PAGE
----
The revival of analytic metaphysics in the latter half of the twentieth century is typically understood as a consequence of the critiques of logical positivism, Quine’s naturalization of ontology, Kripke’s Naming and Necessity, clarifications of modal notions in logic, and the theoretical exploitation of possible worlds. However, this explanation overlooks the work of metaphysicians at the height of positivism and linguisticism that affected metaphysics of the late twentieth century. Donald C. Williams is one such philosopher. In this paper I explain (...)
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  15. Epistemic Evaluation: Purposeful Evaluation By David K. Henderson and John Greco. [REVIEW]Michael Hannon - 2018 - Analysis 78 (1):173-177.
    © The Author 2017. Published by Oxford University Press on behalf of The Analysis Trust. All rights reserved. For Permissions, please email: journals.permissions@oup.comWhat is the point of epistemic evaluation? Why do we appraise others as knowers, understanders and so forth? Epistemology has traditionally focused on analysing the conditions under which one has knowledge, leaving aside for the most part questions about the roles played by epistemic evaluation in our lives more broadly. This fact is borne out by the so-called Gettier (...)
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  16. Lewis on Williamson: Evidence, Knowledge and Vagueness.Daniel Nolan - manuscript
    In May 1999, David Lewis sent Timothy Williamson an intriguing letter about knowledge and vagueness. This paper has a brief discussion of Lewis on evidence, and a longer discussion of a distinctive theory of vagueness Lewis puts forward in this letter, one rather different from standard forms of supervaluationism. Lewis's theory enables him to provide distinctive responses to the challenges to supervaluationism famously offered in chapter 5 of Timothy Williamson's 1994 book Vagueness. However these responses (...)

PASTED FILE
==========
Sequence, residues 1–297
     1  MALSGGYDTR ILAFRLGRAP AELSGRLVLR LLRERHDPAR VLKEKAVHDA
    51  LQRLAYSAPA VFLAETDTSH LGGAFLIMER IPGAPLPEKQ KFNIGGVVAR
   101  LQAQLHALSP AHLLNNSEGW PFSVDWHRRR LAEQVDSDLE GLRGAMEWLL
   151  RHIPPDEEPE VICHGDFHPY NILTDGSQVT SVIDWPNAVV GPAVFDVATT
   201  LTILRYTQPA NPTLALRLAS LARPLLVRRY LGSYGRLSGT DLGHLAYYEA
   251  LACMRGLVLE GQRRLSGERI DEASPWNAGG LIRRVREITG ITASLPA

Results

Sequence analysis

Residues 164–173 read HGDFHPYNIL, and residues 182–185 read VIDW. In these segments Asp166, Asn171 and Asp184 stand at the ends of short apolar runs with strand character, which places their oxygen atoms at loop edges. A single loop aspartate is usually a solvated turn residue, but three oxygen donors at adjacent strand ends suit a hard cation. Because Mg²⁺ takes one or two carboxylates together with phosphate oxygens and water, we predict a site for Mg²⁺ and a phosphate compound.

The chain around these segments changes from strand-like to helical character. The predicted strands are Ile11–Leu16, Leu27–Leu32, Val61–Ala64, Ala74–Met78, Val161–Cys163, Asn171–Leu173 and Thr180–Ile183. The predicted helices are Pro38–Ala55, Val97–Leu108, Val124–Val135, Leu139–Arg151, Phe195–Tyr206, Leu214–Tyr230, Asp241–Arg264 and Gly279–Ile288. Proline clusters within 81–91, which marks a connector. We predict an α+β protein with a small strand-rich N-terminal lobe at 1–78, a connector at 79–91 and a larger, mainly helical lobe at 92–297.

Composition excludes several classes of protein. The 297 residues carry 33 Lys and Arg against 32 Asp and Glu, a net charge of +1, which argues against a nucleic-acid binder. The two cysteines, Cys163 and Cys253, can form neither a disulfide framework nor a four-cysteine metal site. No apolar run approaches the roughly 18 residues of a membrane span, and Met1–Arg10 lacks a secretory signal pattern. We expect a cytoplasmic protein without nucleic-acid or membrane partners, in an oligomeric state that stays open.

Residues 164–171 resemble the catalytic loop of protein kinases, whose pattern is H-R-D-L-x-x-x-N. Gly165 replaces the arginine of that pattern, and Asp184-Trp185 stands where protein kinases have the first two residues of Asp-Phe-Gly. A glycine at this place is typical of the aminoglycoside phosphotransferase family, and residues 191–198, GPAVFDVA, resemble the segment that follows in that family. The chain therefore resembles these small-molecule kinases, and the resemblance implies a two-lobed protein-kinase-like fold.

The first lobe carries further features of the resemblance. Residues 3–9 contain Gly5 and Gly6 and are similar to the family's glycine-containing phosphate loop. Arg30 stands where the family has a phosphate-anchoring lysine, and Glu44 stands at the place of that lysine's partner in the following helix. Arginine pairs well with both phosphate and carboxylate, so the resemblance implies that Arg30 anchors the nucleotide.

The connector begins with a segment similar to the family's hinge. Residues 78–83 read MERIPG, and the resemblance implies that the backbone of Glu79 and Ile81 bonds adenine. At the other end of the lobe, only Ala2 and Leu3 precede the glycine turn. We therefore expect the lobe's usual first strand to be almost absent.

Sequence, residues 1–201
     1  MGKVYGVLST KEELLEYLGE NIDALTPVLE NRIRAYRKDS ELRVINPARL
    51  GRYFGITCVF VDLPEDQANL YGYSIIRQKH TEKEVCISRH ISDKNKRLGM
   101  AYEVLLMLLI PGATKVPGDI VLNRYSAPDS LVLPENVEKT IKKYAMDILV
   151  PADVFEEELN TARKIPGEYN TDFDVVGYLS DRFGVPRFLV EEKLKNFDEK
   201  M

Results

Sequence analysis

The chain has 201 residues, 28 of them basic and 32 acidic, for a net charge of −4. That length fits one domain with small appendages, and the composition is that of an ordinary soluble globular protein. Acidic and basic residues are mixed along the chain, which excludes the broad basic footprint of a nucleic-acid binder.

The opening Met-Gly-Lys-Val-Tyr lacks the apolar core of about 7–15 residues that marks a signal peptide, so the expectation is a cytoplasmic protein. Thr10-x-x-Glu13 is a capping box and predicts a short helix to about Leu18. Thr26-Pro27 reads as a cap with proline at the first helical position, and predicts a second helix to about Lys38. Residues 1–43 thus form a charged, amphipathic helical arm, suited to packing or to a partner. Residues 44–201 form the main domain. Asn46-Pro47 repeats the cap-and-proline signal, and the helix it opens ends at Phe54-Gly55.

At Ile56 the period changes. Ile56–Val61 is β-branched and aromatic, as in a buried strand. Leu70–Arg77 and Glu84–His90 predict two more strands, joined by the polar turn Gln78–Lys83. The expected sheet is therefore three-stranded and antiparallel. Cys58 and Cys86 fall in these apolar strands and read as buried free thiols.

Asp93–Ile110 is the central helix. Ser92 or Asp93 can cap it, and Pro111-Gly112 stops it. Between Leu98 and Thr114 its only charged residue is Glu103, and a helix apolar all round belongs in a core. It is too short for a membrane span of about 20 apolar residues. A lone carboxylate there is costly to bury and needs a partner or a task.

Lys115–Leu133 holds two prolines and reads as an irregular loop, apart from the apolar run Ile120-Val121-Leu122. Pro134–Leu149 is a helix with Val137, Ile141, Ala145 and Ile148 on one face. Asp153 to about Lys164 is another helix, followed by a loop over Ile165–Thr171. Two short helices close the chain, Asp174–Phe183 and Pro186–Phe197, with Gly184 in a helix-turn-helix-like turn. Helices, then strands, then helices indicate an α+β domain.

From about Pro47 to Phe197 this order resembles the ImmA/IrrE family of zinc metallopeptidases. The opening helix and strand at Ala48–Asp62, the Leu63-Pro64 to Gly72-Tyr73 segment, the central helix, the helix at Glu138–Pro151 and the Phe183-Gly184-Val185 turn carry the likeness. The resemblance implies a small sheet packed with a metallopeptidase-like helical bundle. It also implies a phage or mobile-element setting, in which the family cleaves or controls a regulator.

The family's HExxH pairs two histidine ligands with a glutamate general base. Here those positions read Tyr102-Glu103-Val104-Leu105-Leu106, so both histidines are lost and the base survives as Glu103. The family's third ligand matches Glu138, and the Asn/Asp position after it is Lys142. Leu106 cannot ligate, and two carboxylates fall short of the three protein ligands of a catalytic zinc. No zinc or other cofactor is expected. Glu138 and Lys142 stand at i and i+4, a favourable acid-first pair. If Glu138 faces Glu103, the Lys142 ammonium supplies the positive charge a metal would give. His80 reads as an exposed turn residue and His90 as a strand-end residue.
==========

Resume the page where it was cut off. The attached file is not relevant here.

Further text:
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  17. David Lewis in the Lab: Experimental Results on the Emergence of Meaning.Justin Bruner, Cailin O’Connor, Hannah Rubin & Simon M. Huttegger - 2018 - Synthese 195 (2):603-621.
    In this paper we use an experimental approach to investigate how linguistic conventions can emerge in a society without explicit agreement. As a starting point we consider the signaling game introduced by Lewis. We find that in experimental settings, small groups can quickly develop conventions of signal meaning in these games. We also investigate versions of the game where the theoretical literature indicates that meaning will be less likely to arise—when there are more than two states for actors to (...)
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  18. Review: David Lewis[REVIEW]B. Weatherson - 2007 - Mind 116 (461):191-193.
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  19. The Role of Naturalness in Lewis's Theory of Meaning.Brian Weatherson - 2013 - Journal for the History of Analytical Philosophy 1 (10).